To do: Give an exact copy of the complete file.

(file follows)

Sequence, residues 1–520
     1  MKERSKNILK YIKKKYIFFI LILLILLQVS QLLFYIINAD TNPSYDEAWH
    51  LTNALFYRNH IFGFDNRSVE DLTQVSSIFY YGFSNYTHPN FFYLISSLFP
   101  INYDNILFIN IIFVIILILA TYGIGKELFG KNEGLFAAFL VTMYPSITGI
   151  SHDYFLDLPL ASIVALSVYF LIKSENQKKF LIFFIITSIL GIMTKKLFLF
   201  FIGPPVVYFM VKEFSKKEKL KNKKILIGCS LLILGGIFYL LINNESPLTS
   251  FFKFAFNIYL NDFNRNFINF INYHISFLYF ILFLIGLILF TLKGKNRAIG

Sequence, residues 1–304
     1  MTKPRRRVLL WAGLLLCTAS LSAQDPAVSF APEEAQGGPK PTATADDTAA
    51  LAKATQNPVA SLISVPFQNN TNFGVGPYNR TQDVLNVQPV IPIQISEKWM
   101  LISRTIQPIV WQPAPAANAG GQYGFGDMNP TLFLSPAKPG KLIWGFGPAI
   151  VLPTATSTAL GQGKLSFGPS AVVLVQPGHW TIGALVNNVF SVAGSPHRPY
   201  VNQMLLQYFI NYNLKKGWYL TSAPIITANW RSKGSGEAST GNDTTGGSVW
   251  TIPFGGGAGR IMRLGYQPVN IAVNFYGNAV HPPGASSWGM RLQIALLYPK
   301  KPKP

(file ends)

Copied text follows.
Sequence, residues 1–520
     1  MKERSKNILK YIKKKYIFFI LILLILLQVS QLLFYIINAD TNPSYDEAWH
    51  LTNALFYRNH IFGFDNRSVE DLTQVSSIFY YGFSNYTHPN FFYLISSLFP
   101  INYDNILFIN IIFVIILILA TYGIGKELFG KNEGLFAAFL VTMYPSITGI
   151  SHDYFLDLPL ASIVALSVYF LIKSENQKKF LIFFIITSIL GIMTKKLFLF
   201  FIGPPVVYFM VKEFSKKEKL KNKKILIGCS LLILGGIFYL LINNESPLTS
   251  FFKFAFNIYL NDFNRNFINF INYHISFLYF ILFLIGLILF TLKGKNRAIG

Sequence, residues 1–304
     1  MTKPRRRVLL WAGLLLCTAS LSAQDPAVSF APEEAQGGPK PTATADDTAA
    51  LAKATQNPVA SLISVPFQNN TNFGVGPYNR TQDVLNVQPV IPIQISEKWM
   101  LISRTIQPIV WQPAPAANAG GQYGFGDMNP TLFLSPAKPG KLIWGFGPAI
   151  VLPTATSTAL GQGKLSFGPS AVVLVQPGHW TIGALVNNVF SVAGSPHRPY
   201  VNQMLLQYFI NYNLKKGWYL TSAPIITANW RSKGSGEAST GNDTTGGSVW
   251  TIPFGGGAGR IMRLGYQPVN IAVNFYGNAV HPPGASSWGM RLQIALLYPK
   301  KPKP